Articles

Articles from Poet & Writers Magazine include material from the print edition plus exclusive online-only material.

Literary MagNet

by Kevin Larimer

News and Trends

Posted 1.1.04

January/February 2004

Literary MagNet chronicles the start-ups and closures, successes and failures, anniversaries and accolades, changes of editorship and special issues—in short, the news and trends—of literary magazines in America. This issue's MagNet features the Kenyon Review, the Iowa Review, the Paris Review, Poetry, Ploughshares, spork, Petroglyph, Isotope, Poetry Daily,Verse Daily, and Literal Latté.

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Turning the Page, Saving a Tree

by Avery Yale Kamila

News and Trends

Posted 1.1.04

January/February 2004

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At some point during her two-year stint atop an ancient 200-foot redwood tree in Humboldt County, California—an effort to to save the old-growth forest—environmental activist and writer Julia Butterfly Hill was approached by HarperSanFrancisco for the rights to publish her memoir, Legacy of Luna. Hill accepted the offer, with one stipulation: Her book had to be printed on 100 percent postconsumer recycled paper manufactured without the use of chlorine bleach.

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"All Trees Are Oak Trees.…": Introductions to Literature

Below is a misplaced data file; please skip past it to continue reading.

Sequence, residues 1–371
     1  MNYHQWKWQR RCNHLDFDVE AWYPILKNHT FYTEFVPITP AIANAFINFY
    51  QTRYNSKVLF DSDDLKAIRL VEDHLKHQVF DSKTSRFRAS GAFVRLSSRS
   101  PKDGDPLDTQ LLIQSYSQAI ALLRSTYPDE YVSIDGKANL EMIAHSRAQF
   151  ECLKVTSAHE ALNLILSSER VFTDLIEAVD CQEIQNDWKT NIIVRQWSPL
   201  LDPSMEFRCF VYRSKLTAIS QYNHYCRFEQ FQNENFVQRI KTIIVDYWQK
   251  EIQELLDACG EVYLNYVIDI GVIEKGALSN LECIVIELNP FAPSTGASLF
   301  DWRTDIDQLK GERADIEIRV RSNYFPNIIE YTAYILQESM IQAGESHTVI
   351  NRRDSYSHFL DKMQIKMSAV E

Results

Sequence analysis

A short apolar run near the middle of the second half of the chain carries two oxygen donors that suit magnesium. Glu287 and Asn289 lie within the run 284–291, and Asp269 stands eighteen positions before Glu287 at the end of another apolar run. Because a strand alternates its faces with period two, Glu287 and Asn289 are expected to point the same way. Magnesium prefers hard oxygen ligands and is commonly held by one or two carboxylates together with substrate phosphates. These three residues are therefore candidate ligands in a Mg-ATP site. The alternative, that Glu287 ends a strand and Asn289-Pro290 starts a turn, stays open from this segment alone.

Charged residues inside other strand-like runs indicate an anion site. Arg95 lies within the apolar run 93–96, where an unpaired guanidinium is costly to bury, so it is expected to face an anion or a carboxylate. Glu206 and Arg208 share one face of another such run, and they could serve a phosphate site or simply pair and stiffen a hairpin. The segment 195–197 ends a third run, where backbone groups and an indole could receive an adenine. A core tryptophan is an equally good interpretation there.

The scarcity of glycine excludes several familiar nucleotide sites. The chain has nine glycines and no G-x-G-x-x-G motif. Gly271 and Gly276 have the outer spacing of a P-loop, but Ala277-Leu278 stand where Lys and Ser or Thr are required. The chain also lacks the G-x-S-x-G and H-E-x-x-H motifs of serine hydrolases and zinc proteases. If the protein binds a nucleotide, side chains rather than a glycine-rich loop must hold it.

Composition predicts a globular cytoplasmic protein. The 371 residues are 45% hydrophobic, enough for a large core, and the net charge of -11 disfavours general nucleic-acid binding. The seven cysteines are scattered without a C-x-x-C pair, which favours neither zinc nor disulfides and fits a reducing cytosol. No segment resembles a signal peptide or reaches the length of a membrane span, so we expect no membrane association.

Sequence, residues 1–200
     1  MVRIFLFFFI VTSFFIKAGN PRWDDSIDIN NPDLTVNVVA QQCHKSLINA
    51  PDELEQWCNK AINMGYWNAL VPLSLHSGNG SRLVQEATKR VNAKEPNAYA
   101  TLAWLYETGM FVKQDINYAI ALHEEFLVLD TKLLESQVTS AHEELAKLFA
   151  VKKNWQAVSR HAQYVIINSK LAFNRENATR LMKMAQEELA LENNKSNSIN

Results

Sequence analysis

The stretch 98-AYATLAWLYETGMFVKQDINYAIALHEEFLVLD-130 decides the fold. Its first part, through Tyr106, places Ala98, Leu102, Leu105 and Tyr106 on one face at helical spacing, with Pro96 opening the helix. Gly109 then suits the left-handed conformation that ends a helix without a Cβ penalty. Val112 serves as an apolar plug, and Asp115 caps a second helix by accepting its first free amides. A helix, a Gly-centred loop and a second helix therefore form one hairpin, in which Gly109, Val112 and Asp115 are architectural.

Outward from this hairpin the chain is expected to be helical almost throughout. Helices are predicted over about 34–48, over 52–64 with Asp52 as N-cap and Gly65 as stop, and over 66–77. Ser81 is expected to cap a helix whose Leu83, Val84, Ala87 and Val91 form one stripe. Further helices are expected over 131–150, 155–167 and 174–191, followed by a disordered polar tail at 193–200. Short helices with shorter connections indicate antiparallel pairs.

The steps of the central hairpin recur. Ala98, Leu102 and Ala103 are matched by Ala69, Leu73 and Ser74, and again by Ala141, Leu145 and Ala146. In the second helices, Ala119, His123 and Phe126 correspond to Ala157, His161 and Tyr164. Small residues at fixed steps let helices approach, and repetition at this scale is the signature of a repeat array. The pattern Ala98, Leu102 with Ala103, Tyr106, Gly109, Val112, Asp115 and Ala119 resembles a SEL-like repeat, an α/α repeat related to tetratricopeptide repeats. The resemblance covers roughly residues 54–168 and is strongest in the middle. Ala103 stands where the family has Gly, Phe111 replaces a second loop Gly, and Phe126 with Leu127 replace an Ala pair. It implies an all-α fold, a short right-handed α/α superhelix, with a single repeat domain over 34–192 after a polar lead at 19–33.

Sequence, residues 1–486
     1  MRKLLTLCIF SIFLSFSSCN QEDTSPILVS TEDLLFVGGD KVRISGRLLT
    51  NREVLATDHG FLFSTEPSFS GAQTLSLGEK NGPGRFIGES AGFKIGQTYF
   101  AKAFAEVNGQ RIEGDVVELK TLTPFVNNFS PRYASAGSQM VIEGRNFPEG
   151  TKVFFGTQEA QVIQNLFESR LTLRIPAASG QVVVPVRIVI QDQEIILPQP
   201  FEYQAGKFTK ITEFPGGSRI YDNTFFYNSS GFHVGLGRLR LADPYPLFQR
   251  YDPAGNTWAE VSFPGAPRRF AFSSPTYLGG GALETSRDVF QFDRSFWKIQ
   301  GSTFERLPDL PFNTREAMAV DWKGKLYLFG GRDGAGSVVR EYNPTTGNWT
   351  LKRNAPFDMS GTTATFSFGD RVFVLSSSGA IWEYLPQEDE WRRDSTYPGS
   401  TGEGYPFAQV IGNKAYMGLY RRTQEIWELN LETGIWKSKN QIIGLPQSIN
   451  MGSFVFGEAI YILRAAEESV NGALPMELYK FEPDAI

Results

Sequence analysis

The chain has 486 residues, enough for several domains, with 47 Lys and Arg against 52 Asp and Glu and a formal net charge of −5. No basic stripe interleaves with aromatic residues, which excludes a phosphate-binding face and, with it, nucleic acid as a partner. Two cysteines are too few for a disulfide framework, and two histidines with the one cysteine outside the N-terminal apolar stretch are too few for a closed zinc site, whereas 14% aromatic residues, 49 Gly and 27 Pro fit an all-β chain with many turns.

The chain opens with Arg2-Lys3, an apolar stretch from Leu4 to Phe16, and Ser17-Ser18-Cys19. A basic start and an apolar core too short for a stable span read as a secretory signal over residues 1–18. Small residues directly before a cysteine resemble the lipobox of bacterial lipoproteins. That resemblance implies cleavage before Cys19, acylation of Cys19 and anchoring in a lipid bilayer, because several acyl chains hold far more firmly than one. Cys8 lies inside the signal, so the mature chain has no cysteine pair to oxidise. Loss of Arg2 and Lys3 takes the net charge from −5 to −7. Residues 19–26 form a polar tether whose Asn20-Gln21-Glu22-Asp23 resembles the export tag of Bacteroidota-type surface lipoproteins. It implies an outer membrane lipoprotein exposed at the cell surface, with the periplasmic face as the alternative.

by John Barth

The Literary Life

Posted 1.1.04

January/February 2004

Writers who hang out in academia to help pay the rent are likely to find that their job description comes to include inviting other writers to visit their campus and then hosting them through their visit, introducing them to their lecture audience, and sitting in on the informal sessions with students that typically complete the visitor's tour of duty. Such visitations are, I believe, a generally worthwhile feature of any college writing program: beneficial to the visitor, obviously, who gets paid or otherwise rewarded and may possibly gain a few additional readers; potentially enlightening for the visitor's audience (even those whose curiosity may be more sociological, anthropological, or even clinical than literary); and at least marginally beneficial for the host as well, as I shall attempt to illustrate.

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Delta's Poetry Program Takes Off

by Dalia Sofer

News and Trends

Posted 1.1.04

January/February 2004

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When it comes to getting poetry into unexpected places, the sky's the limit for Billy Collins. Last fall the former United States poet laureate and author of eight books of poetry partnered with Delta Air Lines to create an audio program of poetry to be offered periodically to passengers on its entire fleet of airplanes.

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Get on the Bus: Bookstore Tourism

by Jane Van Ingen

News and Trends

Posted 1.1.04

January/February 2004